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V&A Africa Fashion Exhibition: Call Out

V&A Africa Fashion Exhibition: Call Out

‘We face forward’ – Kwame Nkrumah, 7 April 1960

Today we share our plans to stage Africa Fashion, our first exhibition to focus on the African fashion scene; a scene that is as eclectic and varied, diverse and dynamic as its people. We are scheduled to open in June 2022 and will run until April 2023.

Our Africa Fashion exhibition tells a story of fashion as a self-defining art form; a kind of movement culture that goes beyond individual garments to encompass attitude, gesture, style. The route into this visually compelling narrative will be mapped through an essential overview of the African independence and liberation years, the mid-to-late 1950s to 1994. The radical social and political re-ordering that took place sparked a cultural renaissance across the continent, laying the foundation for today’s fashion revolution. Fashion, music and the visual arts drew on formerly marginalised traditions, creating new forms that looked towards future self-rule with an unforgettable independence of spirit.

Photo by Fabrice Malard courtesy of the Victoria & Albert Museum

In 1960 alone, over 17 African countries declared independence from colonial rule. It soon became known as the Year of Africa. This era signalled a re-awakening. It heralded a new sense of pride in being black-skinned and African. These were heady days. Our exhibition seeks to embody this sense of exuberance and hope that is best captured by the words of the then president of newly independent Ghana, Kwame Nkrumah (1909 – 1972), quoted above.

Since joining the V&A in June last year as the museum’s inaugural Curator of African and African Diaspora Fashion, I have been actively researching African fashion creatives from the corners of the continent and across the fashion spectrum with a view to showing works in Africa Fashion. Being a member of the African diaspora myself and having worked as a designer in the British fashion industry for over three decades, this process has been an absolute joy. From contemporary couture, ready-to-wear, made-to-order to street-style sartorialists, we will offer a glimpse of the glamour and politics of the African fashion scene.

Shade Thomas at desk, 1970s – photo courtesy of the Victoria & Albert Museum

We will share a close-up look at leading twentieth century designers such as Kofi Ansah, Chris Seydou, Shade Thomas-Fahm and Alphadi. Jumping forward, we will present the work of a selection of new ground-breaking designers, collectives, stylists and fashion photographers working in Africa today. And we will explore how the digital world, the playground of Generation Z, has accelerated the expansion of the industry, irreversibly transforming global fashions as we know them. From glocal (local and global) fashion weeks to celebrity wearers and the role of social media and blogging, Africa Fashion will celebrate and champion the vitality and ingenuity of an influential twenty-first century scene.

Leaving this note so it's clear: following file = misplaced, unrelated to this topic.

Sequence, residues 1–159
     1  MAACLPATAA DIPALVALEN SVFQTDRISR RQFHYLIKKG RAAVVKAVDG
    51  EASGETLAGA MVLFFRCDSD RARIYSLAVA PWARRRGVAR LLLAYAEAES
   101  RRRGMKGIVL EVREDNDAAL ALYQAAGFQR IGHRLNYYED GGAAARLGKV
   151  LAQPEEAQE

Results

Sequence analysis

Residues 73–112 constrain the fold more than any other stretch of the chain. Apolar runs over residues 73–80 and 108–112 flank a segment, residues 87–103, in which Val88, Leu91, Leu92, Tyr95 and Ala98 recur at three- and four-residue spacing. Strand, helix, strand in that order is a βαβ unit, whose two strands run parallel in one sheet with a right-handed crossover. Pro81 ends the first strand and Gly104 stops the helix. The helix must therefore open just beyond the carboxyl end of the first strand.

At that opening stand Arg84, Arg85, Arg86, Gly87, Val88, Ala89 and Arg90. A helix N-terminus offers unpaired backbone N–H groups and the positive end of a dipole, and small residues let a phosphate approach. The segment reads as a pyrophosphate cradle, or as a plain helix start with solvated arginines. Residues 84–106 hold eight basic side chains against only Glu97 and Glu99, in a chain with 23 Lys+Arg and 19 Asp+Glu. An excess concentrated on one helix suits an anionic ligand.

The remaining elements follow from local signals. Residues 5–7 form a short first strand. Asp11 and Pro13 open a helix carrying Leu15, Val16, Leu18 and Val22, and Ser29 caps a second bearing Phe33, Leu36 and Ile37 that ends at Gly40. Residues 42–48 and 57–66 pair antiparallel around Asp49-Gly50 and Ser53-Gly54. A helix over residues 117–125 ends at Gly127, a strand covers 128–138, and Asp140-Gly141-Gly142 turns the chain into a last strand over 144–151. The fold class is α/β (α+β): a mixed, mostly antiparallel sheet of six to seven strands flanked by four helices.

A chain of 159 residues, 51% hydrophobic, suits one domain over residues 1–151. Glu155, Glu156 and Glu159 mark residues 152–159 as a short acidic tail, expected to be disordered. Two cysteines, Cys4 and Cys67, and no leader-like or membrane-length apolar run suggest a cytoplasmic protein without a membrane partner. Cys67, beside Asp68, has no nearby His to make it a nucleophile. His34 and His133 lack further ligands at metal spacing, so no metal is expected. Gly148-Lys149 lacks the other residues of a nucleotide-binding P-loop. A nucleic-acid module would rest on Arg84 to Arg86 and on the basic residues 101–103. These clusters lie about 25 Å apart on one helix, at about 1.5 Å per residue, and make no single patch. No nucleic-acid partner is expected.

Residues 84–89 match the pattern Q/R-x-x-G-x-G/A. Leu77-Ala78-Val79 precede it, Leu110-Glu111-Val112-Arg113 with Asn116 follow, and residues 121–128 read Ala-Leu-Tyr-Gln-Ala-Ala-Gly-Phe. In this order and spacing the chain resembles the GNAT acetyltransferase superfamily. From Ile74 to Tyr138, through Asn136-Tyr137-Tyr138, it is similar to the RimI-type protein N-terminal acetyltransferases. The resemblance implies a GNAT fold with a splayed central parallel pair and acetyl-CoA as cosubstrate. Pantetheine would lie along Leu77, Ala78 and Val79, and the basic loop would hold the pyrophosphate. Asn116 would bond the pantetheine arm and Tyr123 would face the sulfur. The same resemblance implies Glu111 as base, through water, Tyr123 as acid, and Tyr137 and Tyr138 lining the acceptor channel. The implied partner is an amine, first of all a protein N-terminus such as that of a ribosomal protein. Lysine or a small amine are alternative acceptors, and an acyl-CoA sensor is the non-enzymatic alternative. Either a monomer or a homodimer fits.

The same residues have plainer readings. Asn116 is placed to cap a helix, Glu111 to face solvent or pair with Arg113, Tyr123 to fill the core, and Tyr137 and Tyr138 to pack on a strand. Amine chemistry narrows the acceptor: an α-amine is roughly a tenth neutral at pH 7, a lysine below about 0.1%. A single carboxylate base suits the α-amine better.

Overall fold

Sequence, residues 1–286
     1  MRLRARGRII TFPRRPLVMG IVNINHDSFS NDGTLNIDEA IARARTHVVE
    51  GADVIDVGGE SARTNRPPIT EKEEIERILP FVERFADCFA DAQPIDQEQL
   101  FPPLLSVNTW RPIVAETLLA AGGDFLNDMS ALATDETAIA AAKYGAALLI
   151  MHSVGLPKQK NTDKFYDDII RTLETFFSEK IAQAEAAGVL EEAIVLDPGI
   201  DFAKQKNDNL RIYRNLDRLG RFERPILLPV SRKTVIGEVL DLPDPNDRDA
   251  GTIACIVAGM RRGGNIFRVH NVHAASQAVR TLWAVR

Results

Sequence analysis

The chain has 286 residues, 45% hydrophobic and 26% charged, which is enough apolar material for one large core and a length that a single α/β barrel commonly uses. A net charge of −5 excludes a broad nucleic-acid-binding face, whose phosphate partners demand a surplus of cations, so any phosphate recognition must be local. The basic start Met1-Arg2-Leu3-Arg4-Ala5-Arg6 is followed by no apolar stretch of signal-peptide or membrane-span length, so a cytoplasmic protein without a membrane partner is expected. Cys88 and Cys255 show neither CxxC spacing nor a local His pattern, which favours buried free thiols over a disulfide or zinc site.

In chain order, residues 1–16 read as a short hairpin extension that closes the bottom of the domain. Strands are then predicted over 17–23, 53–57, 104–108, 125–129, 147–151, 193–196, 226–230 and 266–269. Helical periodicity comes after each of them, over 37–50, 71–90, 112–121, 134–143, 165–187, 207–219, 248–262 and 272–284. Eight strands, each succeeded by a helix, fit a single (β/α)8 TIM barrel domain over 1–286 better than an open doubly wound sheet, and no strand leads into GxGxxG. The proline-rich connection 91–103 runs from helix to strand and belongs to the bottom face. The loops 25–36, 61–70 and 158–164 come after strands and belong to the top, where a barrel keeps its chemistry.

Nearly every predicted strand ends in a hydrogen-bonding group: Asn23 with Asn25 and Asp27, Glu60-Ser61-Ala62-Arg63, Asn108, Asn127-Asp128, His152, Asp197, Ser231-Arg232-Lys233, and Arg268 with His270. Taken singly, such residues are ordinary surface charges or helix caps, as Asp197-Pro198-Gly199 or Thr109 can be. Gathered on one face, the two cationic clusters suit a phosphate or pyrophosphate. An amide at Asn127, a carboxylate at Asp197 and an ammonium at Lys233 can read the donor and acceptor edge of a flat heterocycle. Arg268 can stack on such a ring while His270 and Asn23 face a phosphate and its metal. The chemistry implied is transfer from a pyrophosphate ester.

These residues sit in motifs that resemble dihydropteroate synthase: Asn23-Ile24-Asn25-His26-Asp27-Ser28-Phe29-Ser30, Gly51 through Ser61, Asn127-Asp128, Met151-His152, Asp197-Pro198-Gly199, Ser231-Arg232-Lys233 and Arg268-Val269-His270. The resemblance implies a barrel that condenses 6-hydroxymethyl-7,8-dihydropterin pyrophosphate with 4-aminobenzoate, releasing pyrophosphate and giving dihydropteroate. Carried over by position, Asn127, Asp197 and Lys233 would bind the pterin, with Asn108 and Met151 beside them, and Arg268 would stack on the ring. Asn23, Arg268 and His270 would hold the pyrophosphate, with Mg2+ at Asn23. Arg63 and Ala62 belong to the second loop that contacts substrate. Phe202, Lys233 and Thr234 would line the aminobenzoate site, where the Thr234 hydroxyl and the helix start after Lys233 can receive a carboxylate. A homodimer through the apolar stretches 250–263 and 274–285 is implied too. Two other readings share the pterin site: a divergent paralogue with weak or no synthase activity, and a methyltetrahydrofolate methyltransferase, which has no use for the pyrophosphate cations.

Strategically, my approach is to allow African fashion creatives to speak for themselves about themselves. Conversation is important. Listening is key. I see myself as a facilitator; someone that allows others to speak. As a writer I have spent the last 20 years examining the relationship between fashion, culture and race. One thing that I have learnt is the power of creating space for others to be heard. Through my work at the V&A, I aim to provide a platform for new, layered stories about the richness and diversity of African cultures and histories, using fashion as a catalyst. Fashion is part of the way in which individual and collective histories can be remembered vividly and brought to life. Furthermore, identities that are always in flux can be refashioned through the drape of an iro, the fold of a gele, or the cut of a man’s bespoke suit. In this exhibition we will display pieces and stories drawn from the personal archives of a selection of iconic mid-twentieth century and contemporary African fashion creatives, alongside textiles and photographs from our collection – many for the first time.

Larry Jay Summer 2021 Collection


Museums are not only about objects, they are also about people. This is where you come in. Help us tell this irresistible story of unbounded creativity, agency and self-fashioning. Check attics, trunks, family photo albums and home movies for the chance to feature in our exhibition. Please get in touch if you have any of the following items or similar:

  • Rare and early designs by Shade Thomas-Fahm, Chris Seydou, Kofi Ansah and Alphadi
  • 1980s experimental garments in bògòlanfini by Chris Seydou
  • Twentieth century kente, bògòlanfini, khanga, asafo flags and commemorative cloths from the independence and liberation years that connect to personal stories
  • Family portraits and home movies from the independence and liberation years showing African and African diasporic fashion trends of the day
  • Made-to-order garments, including aso ebi, co-created by local tailors, dressmakers and their clients, worn at festivals or to mark significant personal milestones, from 2010 onwards
  • Copies of Drum Magazine from 1950 – 1970

Be part of our ongoing conversation. Email us at, and share pictures and memories on social media, using the hashtag #AfricaFashion

Written by: Christine Checinska

Header Image: Larry Jay – Spring/Summer 2021 collection

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Staffed by a team of international Black female and non-binary writers, penning crucial and critical commentary at the intersection of race and gender.

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